- Stefan Hugtenburg
- Isha Dijcks
- Dennis Korpel
- Greg Neustroev
- Maarten Sijm
- Jasper Uljee
- Maarten van Elsas
- Ivo van Kreveld
- Bryan van Wijk
- Pim van den Bogaerdt
Welcome to the website for submitting your programming (lab) assignments for the course on Algorithm Design. This site will also be used to register the grades for both these lab assignment as well as the weekly homework assignments.
General background, slides, learning objectives, etc. about this course can be found on BrightSpace.
Questions on your submission you can ask on the Discussion forum on BrightSpace (most preferred option), or you can approach the assistants during lab hours. Questions that require a minimal response and are related to specifically to your code can be placed through the Comment function at the bottom of the respective page.
Additional test in lab assignment
at Fri, Dec 1, 2017 13:19 updated at Fri, Dec 1, 2017 14:37
The tests at WebLab for assignments 2 to 4 are there to help you to develop a correct solution. It is not required to meet all tests: you also get points for solutions that are meet part of the tests, or you may get partial points for solutions that meet the tests but are incorrect or very slow.
We have just added an additional test to show that some submitted solutions that passed all previous tests are not 100% correct. If you are among them: This will cost you at most 1 out of the 20 points.
Good luck finishing the assignment.
- The TI2306-team
Regarding the proof in assignment 2
at Wed, Nov 29, 2017 12:05
Just a quick reminder/update: For question 3 an answer is requested (as always) in YOUR OWN WORDS. An exact copy of a proof from the slides or the solutions to the homework will not get you any points.
- The TI2306 team
at Mon, Nov 13, 2017 09:32 updated at Thu, Nov 16, 2017 22:16
On behalf of the Teachers and Teaching Assistants for the course I would also like to welcome to the Algorithmics course TI2306. On this “News” page you can find any extra information we would like to share with you regarding the labs exercises. In this first news post we present a small list of “tips & tricks” for your usage of WebLab.
How (not) to use WebLab
- Before you can submit exercises, make sure you enroll for the course.
- When you have navigated to the correct assignment, ensure you click the “pencil” icon in the top left corner that says “submission”. You can only start working on the assignment after you have done this.
- We recommend working in an IDE like Eclipse or IntelliJ and copying your solution to WebLab after completion. Whilst WebLab allows you to edit code online, debugging and live compilation are better supported in the full-blown IDEs.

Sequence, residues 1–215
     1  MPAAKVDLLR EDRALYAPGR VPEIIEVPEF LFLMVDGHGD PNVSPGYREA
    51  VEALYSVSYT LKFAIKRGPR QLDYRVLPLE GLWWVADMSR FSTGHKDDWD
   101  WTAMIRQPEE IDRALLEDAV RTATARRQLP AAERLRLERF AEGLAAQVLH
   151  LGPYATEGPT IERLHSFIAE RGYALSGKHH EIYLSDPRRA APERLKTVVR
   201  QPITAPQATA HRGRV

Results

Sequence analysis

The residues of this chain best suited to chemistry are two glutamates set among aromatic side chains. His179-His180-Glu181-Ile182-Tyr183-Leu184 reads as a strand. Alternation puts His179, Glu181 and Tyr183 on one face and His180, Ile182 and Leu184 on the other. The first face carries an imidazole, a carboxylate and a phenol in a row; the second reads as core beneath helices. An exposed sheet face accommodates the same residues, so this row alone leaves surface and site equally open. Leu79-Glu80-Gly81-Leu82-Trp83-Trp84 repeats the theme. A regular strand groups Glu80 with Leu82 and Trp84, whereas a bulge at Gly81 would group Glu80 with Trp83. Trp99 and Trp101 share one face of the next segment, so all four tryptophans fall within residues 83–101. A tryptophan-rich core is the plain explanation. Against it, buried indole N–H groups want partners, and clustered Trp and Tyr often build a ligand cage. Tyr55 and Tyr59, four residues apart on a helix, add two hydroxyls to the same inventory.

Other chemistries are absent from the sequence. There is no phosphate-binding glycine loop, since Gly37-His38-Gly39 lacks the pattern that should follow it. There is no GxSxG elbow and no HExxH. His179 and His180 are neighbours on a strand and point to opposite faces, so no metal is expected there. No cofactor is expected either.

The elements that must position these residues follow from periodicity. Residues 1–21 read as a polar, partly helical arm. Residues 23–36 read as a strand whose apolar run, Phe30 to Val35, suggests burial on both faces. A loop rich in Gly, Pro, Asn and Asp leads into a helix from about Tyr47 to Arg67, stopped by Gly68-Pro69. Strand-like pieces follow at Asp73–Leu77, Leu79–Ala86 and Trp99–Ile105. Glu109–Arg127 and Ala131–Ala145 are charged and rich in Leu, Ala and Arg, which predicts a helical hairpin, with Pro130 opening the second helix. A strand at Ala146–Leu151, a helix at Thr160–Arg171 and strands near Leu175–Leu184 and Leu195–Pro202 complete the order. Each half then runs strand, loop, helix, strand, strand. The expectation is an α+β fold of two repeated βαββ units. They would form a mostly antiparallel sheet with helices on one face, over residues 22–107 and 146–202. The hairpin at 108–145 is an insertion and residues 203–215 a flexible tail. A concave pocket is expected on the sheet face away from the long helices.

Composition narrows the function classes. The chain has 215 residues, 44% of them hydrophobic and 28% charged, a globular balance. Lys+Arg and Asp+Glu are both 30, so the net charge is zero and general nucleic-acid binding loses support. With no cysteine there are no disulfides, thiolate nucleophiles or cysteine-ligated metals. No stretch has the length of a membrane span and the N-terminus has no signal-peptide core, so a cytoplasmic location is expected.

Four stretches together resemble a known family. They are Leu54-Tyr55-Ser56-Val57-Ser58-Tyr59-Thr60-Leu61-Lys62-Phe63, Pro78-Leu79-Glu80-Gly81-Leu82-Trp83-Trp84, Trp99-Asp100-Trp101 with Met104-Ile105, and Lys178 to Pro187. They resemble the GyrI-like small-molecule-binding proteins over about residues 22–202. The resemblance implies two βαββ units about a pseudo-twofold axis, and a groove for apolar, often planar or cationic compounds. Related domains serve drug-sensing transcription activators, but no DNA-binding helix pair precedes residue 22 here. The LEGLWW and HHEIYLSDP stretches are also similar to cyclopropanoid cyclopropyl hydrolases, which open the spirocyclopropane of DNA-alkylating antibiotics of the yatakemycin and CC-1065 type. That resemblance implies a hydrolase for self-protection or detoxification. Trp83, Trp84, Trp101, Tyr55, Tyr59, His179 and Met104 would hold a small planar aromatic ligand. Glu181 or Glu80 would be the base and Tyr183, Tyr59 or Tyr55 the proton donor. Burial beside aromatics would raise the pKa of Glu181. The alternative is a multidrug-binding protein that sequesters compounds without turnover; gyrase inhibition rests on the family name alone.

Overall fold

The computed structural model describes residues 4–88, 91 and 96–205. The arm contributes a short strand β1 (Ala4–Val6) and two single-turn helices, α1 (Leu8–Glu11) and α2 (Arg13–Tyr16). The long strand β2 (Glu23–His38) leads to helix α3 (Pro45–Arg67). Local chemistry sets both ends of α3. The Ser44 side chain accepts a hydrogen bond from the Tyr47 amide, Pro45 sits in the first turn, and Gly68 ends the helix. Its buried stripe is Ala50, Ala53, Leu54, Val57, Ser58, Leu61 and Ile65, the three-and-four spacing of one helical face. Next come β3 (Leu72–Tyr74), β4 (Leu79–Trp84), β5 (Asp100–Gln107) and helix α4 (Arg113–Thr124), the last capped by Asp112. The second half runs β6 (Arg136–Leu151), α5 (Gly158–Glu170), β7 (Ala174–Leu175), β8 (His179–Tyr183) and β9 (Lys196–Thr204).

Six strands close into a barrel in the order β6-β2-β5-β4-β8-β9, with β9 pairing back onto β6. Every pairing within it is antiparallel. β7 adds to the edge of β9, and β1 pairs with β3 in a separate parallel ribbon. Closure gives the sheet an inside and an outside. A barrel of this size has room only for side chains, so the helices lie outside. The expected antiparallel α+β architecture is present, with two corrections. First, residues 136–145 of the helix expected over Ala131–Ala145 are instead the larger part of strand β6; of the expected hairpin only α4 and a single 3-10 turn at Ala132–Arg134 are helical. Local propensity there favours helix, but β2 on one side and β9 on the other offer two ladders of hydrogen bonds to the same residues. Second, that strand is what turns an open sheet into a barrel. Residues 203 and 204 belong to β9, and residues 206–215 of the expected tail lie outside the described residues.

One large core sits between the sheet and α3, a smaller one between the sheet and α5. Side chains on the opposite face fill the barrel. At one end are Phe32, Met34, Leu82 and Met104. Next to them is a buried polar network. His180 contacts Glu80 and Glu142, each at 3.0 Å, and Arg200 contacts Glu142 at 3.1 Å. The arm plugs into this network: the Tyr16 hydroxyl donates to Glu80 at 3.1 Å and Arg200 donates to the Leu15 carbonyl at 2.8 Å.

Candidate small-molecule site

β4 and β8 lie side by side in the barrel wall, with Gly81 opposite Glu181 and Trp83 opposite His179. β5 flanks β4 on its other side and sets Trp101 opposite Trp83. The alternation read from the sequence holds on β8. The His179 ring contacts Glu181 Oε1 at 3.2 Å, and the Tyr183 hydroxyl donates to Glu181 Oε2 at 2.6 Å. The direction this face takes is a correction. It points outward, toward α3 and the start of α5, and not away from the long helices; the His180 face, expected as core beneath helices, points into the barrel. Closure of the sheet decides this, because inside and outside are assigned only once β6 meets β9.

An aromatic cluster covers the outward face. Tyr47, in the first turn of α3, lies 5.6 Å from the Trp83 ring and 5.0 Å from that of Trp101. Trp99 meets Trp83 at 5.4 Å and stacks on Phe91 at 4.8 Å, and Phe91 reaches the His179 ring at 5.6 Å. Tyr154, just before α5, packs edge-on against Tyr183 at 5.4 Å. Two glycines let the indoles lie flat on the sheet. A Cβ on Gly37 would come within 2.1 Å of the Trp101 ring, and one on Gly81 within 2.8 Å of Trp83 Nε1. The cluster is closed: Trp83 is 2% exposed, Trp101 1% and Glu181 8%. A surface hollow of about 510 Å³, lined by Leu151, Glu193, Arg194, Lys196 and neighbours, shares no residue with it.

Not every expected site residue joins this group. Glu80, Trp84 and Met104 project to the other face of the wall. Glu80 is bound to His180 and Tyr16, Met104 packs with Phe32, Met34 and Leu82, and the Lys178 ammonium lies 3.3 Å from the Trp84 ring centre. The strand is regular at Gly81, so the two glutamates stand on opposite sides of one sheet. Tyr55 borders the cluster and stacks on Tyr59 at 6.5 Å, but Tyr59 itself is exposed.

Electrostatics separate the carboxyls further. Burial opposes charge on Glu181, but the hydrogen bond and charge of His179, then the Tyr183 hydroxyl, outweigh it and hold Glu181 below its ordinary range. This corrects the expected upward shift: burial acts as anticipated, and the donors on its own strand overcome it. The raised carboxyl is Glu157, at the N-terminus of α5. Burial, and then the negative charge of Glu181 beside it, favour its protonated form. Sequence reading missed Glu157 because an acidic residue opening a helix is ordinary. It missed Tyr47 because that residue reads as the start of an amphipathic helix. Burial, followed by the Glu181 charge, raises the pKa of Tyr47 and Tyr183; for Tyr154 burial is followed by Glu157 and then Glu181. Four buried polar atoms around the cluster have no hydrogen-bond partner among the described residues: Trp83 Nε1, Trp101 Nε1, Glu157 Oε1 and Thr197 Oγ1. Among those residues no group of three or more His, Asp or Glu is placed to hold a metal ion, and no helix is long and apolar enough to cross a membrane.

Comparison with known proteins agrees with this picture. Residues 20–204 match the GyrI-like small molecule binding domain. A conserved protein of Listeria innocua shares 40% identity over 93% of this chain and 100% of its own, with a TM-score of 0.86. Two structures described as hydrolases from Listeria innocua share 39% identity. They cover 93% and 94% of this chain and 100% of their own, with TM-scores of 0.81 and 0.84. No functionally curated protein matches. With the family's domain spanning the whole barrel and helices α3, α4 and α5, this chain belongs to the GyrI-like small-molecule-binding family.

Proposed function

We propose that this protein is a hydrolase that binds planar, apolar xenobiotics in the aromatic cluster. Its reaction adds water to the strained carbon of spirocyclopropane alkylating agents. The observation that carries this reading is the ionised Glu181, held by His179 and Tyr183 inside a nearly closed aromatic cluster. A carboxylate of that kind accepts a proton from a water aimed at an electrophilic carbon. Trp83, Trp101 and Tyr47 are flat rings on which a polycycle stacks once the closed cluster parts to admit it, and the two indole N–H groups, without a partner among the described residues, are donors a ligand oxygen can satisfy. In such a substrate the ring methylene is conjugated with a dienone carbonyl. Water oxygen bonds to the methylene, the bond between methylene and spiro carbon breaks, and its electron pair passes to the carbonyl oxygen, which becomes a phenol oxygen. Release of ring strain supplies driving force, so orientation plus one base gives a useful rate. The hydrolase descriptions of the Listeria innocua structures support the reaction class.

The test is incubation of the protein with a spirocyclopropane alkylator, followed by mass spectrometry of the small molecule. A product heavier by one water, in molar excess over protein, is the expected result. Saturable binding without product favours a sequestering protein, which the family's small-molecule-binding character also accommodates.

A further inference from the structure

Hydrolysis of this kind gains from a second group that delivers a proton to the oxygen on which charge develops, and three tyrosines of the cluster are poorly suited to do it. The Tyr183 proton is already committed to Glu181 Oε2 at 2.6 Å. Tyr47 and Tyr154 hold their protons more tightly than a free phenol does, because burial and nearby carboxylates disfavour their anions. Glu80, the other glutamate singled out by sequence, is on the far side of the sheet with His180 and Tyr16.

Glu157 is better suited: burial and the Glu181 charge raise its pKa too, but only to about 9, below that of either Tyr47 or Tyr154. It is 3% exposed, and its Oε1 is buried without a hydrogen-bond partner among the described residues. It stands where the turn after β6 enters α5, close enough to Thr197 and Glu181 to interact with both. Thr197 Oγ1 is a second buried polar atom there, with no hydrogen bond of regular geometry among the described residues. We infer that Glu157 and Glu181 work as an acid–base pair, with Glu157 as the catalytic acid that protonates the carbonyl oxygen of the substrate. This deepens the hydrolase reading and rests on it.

- We provide at least one test case for every assignment, namely the example from the pdf. For most we also provide a very large testset, from which we can verify the timing constraints on the code, i.e. is your code efficient enough. This means that many special cases (in case of graphs for instance graphs with cycles) are not included in the test cases we provide. Thus we highly recommend you create your own tests for special cases like this.
Common WebLab errors
- An error along the lines of “Weblab can not be resolved” means you forgot to remove the package declaration at the top of your solution.
- Another way to trigger our friend the “Weblab can not be resolved” error is forgetting a closing bracket. Again we would like to stress we recommend working in a capable IDE such as Eclipse or IntelliJ and then copying your solutions to WebLab afterwards.
- An error along the lines of “class
Solutionshould be in its own file” means your Solution class is public, this should just read
class Solutionand not
public class Solution.
- As solutions need to be returned as a
String, we highly recommend you use the
StringBuilderclass, as without it
Stringconcatenations might quickly overtake the runtime of the rest of the algorithm.
- Although WebLab supports Java8 we unfortunately had to switch to java 7 for now. Currently WebLab does not support large enough test cases to allow us to distinguish between \( O(n^2) \) and \( O(n\log(n)) \) when we use java 8, only when we use java 7. We are in contact with the dev team to resolve this asap :)
- Static fields of your Solution class are shared among tests, so make sure to reinitialise this every run. (In the template we provide for you, no static variables are used.)
- Asserts are not enabled in WebLab, so do not rely on them ;)
If you have any questions, please do not hesitate to visit the TA’s during the lab sessions on Friday mornings (or on the extra occasion this Thursday 16/11/17).
On behalf of the TI2306-team I wish you good luck on the course,
- Stefan Hugtenburg